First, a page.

Let’s say you are a custom drum manufacturer, and an order comes in that you couldn’t fill without purchasing additional inventory. To cover the costs of the inventory, you choose to take out a short-term loan, borrowing $20,000 with the agreement to pay it back over the course of a year.
The loan works out well; the large order was fulfilled, and your money came back tenfold. But now you’re left with loan payments that are cutting directly into your cash flow.
At this point, it seems like a good idea to pay your loan off early, right? After all, doing so would free up your cash flow and you’d no longer have that debt looming over your head. But while paying your loan off early seems ideal, doing so can get you slapped with a hefty prepayment penalty.
What is a prepayment penalty?
To put it simply, some lenders include a prepayment penalty, or prepayment fee, with their loan agreements in order to deter borrowers from paying off their loans early. This way, lenders receive the amount of money they originally anticipated no matter when the load is paid off.
Think about it this way—the interest is the price you pay for borrowing money. Or, in other words, the interest is where lenders makes their profit. So if you agreed to a short-term loan with a repayment period of one year, but decide to pay it off in 6 months—without the prepayment fee, lenders would miss out on all that cash.
So even though your intentions are good, paying your loan off early isn’t always going to save you any money. But of course, this all depends on your particular loan agreement, and what type of prepayment penalty your lender charges—if at all.
What kind of prepayment penalties are there?
Just because your loan comes with a prepayment penalty doesn’t necessarily mean you’ll be losing money if you pay it off early. In order to figure that out, it’s important to understand what type of penalty you agreed to.
The prepayment penalties on small business loans come in varying forms; you may be required to pay a lump sum, flat-rate penalty, you may have to pay a percentage of the remaining balance, or there may be a reducing penalty—meaning that the further you are into your loan agreement, the less your prepayment will cost you.
Short-term prepayment penalties
It’s important to note that not all small business loans come with prepayment penalties. The most popular loan type you’ll see them on is short-term loans. But short-term loans tend to be a little tricky. Lenders may not list a prepayment fee specifically on their loan agreement. However, you won’t be forgiven of any interest in the event that you do pay your loan off early. So essentially, you will be penalized for the early payoff, even if that’s not exactly clear on your loan agreement.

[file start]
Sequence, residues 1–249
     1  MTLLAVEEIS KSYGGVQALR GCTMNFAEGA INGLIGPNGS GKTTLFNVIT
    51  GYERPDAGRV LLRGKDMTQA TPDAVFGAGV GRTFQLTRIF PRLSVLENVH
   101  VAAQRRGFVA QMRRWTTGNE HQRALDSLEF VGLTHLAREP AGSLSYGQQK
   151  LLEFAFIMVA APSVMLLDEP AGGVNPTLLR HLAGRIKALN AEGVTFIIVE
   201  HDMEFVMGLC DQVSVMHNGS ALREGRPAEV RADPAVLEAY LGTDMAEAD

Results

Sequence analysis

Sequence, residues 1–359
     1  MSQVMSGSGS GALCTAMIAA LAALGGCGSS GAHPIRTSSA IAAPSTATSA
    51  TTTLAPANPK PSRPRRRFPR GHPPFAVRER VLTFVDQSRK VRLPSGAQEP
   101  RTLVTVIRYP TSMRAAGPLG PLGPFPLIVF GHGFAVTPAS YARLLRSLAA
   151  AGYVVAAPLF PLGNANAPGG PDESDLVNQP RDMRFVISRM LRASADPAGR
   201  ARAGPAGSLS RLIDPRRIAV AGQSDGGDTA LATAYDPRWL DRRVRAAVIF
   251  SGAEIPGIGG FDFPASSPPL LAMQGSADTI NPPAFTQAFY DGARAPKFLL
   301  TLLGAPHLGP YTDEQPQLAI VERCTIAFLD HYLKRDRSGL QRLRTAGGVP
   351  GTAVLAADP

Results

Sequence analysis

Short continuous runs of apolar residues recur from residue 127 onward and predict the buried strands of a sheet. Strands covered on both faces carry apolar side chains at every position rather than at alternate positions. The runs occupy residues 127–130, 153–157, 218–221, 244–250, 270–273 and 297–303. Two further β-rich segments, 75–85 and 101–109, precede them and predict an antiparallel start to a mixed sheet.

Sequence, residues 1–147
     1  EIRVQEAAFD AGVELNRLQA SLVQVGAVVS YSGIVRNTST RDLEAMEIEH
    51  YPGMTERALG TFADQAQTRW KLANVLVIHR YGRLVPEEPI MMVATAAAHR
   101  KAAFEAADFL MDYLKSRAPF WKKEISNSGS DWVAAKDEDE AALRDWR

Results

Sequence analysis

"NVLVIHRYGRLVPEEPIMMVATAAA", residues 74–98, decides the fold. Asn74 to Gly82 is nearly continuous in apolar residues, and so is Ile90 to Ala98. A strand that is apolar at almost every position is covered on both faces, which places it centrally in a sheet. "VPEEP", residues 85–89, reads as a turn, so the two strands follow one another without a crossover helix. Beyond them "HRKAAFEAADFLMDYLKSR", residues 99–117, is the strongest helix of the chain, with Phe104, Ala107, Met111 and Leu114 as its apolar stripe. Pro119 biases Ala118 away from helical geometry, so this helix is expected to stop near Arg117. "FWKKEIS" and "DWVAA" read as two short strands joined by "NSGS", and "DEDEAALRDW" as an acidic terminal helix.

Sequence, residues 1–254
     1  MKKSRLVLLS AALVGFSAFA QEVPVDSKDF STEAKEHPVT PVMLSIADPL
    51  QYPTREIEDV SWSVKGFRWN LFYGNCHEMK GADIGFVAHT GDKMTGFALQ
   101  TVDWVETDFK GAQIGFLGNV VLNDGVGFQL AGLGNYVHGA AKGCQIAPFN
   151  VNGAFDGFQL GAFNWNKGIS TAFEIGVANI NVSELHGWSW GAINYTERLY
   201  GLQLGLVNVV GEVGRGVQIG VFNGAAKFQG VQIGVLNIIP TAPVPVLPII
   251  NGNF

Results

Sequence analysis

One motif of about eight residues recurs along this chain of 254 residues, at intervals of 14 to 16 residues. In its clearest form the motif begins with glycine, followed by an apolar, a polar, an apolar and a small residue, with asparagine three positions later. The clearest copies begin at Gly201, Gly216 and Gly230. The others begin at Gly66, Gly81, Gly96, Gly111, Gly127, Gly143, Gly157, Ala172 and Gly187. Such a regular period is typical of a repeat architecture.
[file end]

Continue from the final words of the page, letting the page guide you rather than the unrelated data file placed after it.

Most traditional loans “amortize,” and you know exactly how much you’re paying towards your principal and towards interest. When you want to pay that loan off early, you’ll know exactly how much of the principal remains, and are “forgiven” any remaining interest.
But with short-term loans, you might simply be put on a payment plan. Whenever you want to pay it off early, you have no idea what’s left on your principal and what’s left on your interest, make it a lot more difficult to figure what needs to be repaid. So some lenders might make you pay back the total amount, while others might make you pay a remaining percent, or some other fee. Either way, it’s very important you understand this any time you take on a loan, no matter the loan type. With some short-term lenders, it might not save you money in the end to pay back your loan early.
Other reasons you may want to prepay your loan
Still, there are a number of reasons that repaying your loan early might make sense. Maybe you simply hate having debt, or you have a sudden influx of cash (i.e. the money from your large order coming back tenfold), or maybe you’re trying to free up your debt to take on new financing. But if your goal is to cut down on the cost of your loan, you will need to do your homework to make sure that paying it off early will achieve that result.
Meredith Wood is the Editor-in-Chief at Fundera, an online marketplace for small business loans that matches business owners with the best funding providers for their business.